Monday, January 4, 2010

Henry Treece: Viking' Dawn

I read Henry Treece when I was a boy, and during the recent BBC Open Book feature on forgotton classics, Henry Treece got a mention, and I thought I have to find those books again, and just see how well they compare to my memory.

I have a think, you see, about reading books that really grabbed you as a child. I set my students to read something they loved a year or so ago, and having spoken passionately about why it was such a good idea, I thought I should take some of my own medicine and have been fairly hooked ever since.

I liked this book probably as much as I did as a child. It's simple, short, and niocely doesn't take any of the obvious story directions you'd expect with Vikings. I was impressed, actually, with how much he manages to fit into a book of just 168 pages.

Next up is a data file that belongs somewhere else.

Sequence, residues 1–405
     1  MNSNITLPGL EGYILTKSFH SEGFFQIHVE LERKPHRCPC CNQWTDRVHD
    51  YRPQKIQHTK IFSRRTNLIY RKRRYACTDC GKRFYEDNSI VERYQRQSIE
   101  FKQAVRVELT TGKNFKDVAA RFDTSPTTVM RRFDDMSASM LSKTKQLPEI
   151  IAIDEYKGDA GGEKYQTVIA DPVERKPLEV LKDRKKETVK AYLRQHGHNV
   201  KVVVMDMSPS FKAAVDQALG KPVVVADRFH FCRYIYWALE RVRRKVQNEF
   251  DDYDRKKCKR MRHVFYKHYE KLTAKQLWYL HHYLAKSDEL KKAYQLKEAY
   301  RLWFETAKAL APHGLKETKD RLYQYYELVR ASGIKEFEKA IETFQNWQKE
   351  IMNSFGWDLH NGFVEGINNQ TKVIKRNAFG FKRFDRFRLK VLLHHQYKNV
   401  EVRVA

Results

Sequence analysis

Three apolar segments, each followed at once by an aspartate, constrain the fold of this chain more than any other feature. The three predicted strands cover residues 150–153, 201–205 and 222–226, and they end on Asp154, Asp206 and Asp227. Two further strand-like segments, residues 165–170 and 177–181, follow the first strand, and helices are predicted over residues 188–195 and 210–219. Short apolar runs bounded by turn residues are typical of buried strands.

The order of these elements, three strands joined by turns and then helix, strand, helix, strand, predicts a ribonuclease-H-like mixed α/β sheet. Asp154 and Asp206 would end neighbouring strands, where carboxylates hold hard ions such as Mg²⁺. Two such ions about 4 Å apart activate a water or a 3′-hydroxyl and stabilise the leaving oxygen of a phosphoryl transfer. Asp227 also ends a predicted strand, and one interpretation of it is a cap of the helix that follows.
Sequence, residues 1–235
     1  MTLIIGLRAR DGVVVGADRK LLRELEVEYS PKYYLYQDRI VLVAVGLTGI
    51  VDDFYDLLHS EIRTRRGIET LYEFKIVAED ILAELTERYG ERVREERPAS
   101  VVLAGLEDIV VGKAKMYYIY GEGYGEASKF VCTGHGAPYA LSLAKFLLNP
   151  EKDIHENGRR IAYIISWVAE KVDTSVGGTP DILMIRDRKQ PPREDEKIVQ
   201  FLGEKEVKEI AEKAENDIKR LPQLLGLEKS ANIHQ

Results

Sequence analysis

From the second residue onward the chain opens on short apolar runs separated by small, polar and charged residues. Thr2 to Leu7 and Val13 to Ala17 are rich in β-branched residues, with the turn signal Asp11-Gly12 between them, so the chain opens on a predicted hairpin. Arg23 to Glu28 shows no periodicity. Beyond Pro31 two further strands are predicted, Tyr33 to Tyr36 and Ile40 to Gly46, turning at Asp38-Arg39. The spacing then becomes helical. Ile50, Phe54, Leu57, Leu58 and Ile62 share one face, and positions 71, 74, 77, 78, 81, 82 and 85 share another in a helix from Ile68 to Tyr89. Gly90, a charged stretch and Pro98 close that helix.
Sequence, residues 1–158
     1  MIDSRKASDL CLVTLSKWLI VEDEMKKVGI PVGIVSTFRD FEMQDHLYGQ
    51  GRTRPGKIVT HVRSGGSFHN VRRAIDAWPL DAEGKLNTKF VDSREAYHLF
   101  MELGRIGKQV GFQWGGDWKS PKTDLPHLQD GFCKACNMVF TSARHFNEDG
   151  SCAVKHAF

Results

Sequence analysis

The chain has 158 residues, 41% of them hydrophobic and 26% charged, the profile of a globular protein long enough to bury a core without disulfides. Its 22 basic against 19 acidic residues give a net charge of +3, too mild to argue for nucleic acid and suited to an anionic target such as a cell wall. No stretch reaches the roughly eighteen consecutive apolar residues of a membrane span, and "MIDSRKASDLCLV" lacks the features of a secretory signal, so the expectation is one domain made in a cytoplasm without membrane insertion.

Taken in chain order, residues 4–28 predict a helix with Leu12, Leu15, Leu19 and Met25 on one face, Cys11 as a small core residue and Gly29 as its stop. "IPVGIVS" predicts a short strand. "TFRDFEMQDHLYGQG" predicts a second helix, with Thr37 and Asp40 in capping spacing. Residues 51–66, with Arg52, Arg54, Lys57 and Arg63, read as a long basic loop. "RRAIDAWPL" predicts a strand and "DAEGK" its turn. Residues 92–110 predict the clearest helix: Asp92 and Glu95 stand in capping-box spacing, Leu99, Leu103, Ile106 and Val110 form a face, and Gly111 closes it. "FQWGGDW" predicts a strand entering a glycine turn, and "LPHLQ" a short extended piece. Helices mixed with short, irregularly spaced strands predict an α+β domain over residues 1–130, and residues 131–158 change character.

I've noticed with a lot of older writers, how they flout the current mantra of show not tell, and happily tell, tell, tell, and still their stories zim along. I like these older styles, and curiously, he uses a lot of similar expressions to Tolien, which makes me think they may well have been current lingo at the time. I'm a show and tell kind of writer, I think, and I wonder if growing up with TV has altered the way we write now.

Back to Mr Treece: he was born some nineteen years after JRRT, and died five years earlier in 1966, but I think he was writing the kinds of books that JRRT and CS Lewis approved of. Books in the manner of Haggard not Wolfe. Books that people read because they're great reads rather than featuring on academic syllabuses or adding a whiff of intellecutallity to one's aura.

Ah! I seem to have hit upon a gripe of mine. Better stop there before the rant begins.

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